EE 476 Final Project: Home Security System

Zachary Seto
Jackson Yu
May 3, 1999

I. Introduction:

For our final project, we designed a home security system with three detection zones. We used magnetic sensors to detect for zone faults. The magnetic switches would trigger the alarm system when opened. A 4-digit security code armed and disarmed the system. The alarm system includes the following features:

II. Design and Testing Methods:

High level design

In the initial state, the system will be in a ready status. Any zone faults occurring in this state are displayed on the LCD, and a flashing green LED is use to signify a warning. This operating state accounts for when the homeowner is at home with windows or doors opened. The system cannot be armed unless all the zones are clear of violations.

Pressing the programming key "A" while in the ready state brings us into the programming stage. The old security code is requested to verify the user. If confirmed, the system prompts for a new security code. Then it prompts for the new code again for confirmation. If any verification fails, the system returns to the ready state with no changes to the alarm code.

When no zones are in fault, the system can be armed by entering the security code. If a zone fault occurs in this state, then the zone(s) in violation are displayed on the LCD panel, and an alarm is sounded. Entering the security code again will disarm the system. Also, Zone 1 has a 15 second delay in sounding the alarm to allow for the owner to enter the front door and disarm the alarm.


Program/hardware design

For the design of our home security system, we used the following hardware:

We spent a significant part of our time in trying to figure out how to implement both a NAPCO MA900 Security Panel and a RP1009 KeyPad (w/ status LEDs, 7 segment display, and keypad). The manufacturer only provided minimal documentation on the installation of the panel and no technical documentation on the actual keypad-panel interface. We tried to determine the specifics on how data was transferred to/from the KeyPanel by measuring signals outputted and by sending data signals to it. Another issue we ran into was implementing a level shift from the 5 Volt output on the Port pins to 12 Volts on the KeyPanel. A simple BJT circuit could be used to solve this issue. We would have needed 6 of these circuits for outputting to the Panel and 6 more circuits for receiving input from the Panel. With these roadblocks, we decided to design our own panel by reverting back to using the keypad and LCD display.

We used a polling method as in previous labs to decode which key was pressed on the keypad:

  1. Set PC0-PC3 to output & pulled low
    Set PC4-PC7 to input & pulled high
    Read PC4-PC7
  2. Set PC4-PC7 to output & pulled low
    Set PC0-PC3 to input & pulled high
    Read PC0-PC3

If a button was pressed on the keypad, then exactly one bit in each of the following will equal 0.

  1. PC4-PC7
  2. PC0-PC3

In each of the alarm states described above, we used the polling method to test for zone faults and to check for keypresses.

In designing our program, we used Timer0 for sounding the alarm tones for our alarm (alternating notes between c4 @ 262 Hz and f4 @ 349 Hz). A prescalar of 64 was used on Timer0 to generate the correct frequencies for the alarm notes.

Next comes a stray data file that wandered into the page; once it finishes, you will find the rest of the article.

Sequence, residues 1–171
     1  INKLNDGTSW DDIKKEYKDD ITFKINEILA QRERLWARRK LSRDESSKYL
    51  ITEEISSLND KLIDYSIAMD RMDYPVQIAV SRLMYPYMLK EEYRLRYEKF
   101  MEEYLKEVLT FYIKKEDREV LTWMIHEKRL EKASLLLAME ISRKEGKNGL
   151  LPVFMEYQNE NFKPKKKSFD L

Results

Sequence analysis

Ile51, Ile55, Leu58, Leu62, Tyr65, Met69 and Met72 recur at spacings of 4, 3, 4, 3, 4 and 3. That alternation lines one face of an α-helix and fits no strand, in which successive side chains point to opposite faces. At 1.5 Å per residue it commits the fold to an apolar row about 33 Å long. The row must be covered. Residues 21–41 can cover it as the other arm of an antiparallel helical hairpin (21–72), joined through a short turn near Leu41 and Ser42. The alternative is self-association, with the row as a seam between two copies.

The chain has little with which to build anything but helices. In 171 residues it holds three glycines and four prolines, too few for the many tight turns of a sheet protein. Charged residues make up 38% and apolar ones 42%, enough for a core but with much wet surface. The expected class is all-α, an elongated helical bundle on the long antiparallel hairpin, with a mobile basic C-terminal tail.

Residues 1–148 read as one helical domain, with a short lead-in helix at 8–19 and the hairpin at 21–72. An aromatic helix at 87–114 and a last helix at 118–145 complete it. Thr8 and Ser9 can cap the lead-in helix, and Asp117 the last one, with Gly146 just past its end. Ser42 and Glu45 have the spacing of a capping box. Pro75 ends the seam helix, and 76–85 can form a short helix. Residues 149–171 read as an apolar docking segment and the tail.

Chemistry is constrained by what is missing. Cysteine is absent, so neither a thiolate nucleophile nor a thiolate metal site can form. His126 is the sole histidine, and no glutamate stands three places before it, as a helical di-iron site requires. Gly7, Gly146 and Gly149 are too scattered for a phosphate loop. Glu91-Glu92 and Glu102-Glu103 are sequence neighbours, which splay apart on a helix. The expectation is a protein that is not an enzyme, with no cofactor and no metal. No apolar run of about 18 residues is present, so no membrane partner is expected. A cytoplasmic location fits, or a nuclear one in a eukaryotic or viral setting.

Timer1 was used primarily for

  1. Implementing our delay loops to debounce our keypad
  2. Delaying the sounding of alarm upon entry in zone 1
  3. Blinking the LED.

We used a prescalar of 256 for the debounce delay loop, which gave us 15ms of wait time, while a prescalar of 1024 gave us the .5s of wait time for controlling the blinking of LEDs and the 15s wait time for entry in zone 1.

For the alarm zones, we tried to use Pins A0,2,4 as output (5V) and to poll Pins A1,3,5 (set to input). However, we ran into the issue where we could not get our zones to trigger a fault because Pins A1,3,5 would not go low if a zone fault occurred when a magnetic switch was opened. So, we had to modify our circuit and code so that zone faults occur when Pins A1,3,5 go high. With normally closed switchs, the Pins get pulled low when the door/window is closed.

III . Analysis:

Results of Design

We were successful in implementing our home alarm system. We ran into a minor issue of requiring the zone faults to occur simultaneously in order be recognized. It is a minor issue because a zone violation has occurred whether it is one or more zones. This occurs only when the system is armed. In the ready state, zone status is current for all times. We were only able to implement three detection zones instead of eight as in our final project proposal. The limitation came from the number of ports we had available and the number of magnetic switches we were able to obtain. We also had some problems with the alarm tones where they would mysteriously stop sounding. We tried to debug this problem, but could find no problem with the code (a straight forward implementation from Lab 3) nor any other problems. This isn't too big an issue because, in all practicality, the Port would be connected to an external siren horn which would have a siren oscillator built in. The Napco MA900 panel doesn't even implement this feature; it simply provides power to the speaker pins for a siren oscillator. However, we implemented the siren tones for expository purposes.

Future Improvements

A limitation in our design is that zone faults must happen simultaneously (when the system is armed) to get displayed on the LCD screen. In the future, we would like to show multiple zone faults on the LCD panel when they occur in the armed state. Some other features that we may include are:

IV. Appendix I -- Source Code

V. Appendix II -- Zone Schematic

Zone Schematic